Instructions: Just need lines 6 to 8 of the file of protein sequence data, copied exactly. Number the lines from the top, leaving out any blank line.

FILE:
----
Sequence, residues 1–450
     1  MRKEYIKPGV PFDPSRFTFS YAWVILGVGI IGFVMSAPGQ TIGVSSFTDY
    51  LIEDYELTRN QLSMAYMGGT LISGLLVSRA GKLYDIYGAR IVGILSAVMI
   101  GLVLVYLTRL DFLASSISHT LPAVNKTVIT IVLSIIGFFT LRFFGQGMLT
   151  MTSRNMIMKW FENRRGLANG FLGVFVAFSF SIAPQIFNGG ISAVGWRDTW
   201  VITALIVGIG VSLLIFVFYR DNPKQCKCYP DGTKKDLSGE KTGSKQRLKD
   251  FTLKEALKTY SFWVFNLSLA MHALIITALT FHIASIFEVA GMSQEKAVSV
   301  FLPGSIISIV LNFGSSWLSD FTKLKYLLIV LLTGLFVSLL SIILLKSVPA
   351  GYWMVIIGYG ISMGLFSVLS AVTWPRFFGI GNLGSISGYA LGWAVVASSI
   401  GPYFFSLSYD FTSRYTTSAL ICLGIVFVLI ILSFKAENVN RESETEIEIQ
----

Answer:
   201  VITALIVGIG VSLLIFVFYR DNPKQCKCYP DGTKKDLSGE KTGSKQRLKD
   251  FTLKEALKTY SFWVFNLSLA MHALIITALT FHIASIFEVA GMSQEKAVSV
   301  FLPGSIISIV LNFGSSWLSD FTKLKYLLIV LLTGLFVSLL SIILLKSVPA